Bal Thackeray loved warm beer and controversy. Complex, he relished the company of his Muslim friends even while claiming that they were "growing like a cancer" within India. Although his first target on founding the Shiv Sena in 1966 was Mumbai's South Indian community, yet it was in a newspaper run mostly by South Indians — Free Press Journal — that he first came into prominence as a cartoonist. There was both depth as well as acid in his sketches, and the youthful future "Hriday Samrat" of millions in Maharashtra spared no one in his lampoons, especially the pot-bellied, already hugely prosperous politicians of the ruling Congress. However, that did not stop him from getting their patronage, albeit with many veils of secrecy covering such a partnership. Thackeray was at his core a bohemian, disrespectful of authority, and this made him a natural foe of Communists, a political philosophy which he detested. Small wonder that Maharashtra's then Home Minister D.S. Desai saw in him the perfect antidote to the rapid growth of the CPM and CPI trade unions in India's business hub
None will step forward now, or ever did then, to confirm the pact between Bal Thackeray and Congress leaders intent on weakening their Communist and Socialist rivals. Suffice it to say that authorities in Maharashtra looked the other way when Shiv Sena unions began ensuring a flow of workers to their fold, because of their conspicuous success in persuading both businesspersons and officials to agree to their demands in a manner denied to those of the Left. After Desai, it was the turn of Sharad Pawar to be whispered as the hidden patron of the Sena. If so, Pawar was hardly alone. Businesspersons joined hands with those in authority to ensure that the Sena vanquished its rivals, chief among them being Datta Samant of the Socialist Party, who came to grief after shutting down Mumbai's textile mills for more than a year, killing half of them permanently in the process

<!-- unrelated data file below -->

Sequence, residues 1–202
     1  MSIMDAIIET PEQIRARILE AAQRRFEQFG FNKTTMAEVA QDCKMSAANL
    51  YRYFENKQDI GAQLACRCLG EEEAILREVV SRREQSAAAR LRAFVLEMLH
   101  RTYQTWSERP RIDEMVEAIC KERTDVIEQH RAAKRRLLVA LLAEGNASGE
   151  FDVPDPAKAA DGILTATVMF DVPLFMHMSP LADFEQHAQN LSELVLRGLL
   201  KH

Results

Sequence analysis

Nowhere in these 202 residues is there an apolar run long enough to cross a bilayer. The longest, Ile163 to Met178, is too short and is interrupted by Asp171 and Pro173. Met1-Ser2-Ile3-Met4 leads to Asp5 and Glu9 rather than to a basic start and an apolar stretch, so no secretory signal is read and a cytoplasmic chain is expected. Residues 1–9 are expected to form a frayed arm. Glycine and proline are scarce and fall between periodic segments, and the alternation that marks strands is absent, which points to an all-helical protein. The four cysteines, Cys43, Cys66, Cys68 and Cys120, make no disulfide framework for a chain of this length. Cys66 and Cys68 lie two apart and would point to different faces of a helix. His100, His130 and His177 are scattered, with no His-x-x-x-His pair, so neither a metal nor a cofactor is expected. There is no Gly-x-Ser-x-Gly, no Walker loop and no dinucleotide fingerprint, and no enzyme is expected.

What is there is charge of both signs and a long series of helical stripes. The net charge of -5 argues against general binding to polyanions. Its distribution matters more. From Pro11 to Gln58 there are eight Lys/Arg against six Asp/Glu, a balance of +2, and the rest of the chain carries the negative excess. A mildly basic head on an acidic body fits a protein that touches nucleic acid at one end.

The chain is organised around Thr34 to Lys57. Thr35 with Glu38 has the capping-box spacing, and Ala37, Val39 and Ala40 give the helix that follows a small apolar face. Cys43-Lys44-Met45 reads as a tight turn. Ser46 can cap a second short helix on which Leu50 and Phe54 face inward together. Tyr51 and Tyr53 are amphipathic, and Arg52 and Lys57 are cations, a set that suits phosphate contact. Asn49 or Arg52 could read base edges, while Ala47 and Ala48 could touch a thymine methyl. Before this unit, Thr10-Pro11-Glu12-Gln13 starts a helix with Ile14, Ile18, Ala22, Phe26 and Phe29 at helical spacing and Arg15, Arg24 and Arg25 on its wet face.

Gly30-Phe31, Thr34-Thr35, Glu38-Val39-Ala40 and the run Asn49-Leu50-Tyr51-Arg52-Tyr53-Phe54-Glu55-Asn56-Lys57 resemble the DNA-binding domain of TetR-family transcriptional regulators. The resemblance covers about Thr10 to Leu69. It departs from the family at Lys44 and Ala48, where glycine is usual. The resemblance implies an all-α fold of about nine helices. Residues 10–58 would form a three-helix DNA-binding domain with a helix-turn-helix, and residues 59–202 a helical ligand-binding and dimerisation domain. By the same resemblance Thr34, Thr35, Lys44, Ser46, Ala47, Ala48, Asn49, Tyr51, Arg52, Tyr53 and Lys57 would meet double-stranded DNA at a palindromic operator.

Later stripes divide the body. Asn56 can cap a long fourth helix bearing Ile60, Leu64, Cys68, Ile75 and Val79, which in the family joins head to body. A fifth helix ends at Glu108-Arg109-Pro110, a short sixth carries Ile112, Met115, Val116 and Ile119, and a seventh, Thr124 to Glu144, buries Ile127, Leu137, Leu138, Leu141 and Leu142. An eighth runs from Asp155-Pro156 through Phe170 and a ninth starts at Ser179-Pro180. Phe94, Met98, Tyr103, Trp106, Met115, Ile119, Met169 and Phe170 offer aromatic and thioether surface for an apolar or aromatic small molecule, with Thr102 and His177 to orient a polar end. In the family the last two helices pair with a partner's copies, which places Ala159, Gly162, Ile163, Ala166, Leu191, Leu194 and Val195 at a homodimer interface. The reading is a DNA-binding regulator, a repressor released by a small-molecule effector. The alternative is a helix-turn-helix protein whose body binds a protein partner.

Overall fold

In 1995, when the Sena-BJP coalition toppled the Congress party to become Maharashtra's rulers, Thackeray could have been the CM. But the bohemian in him refused any such "honour". No less fanatically than Mohandas Karamchand Gandhi did Bal Thackeray reject any official post. Of course, his was usually the last word in matters of governance, a fact that he was unabashed about. Thackeray had immense self-confidence, and never bothered to shade his views to suit the exigencies of the hour. Not for him any script other than his own.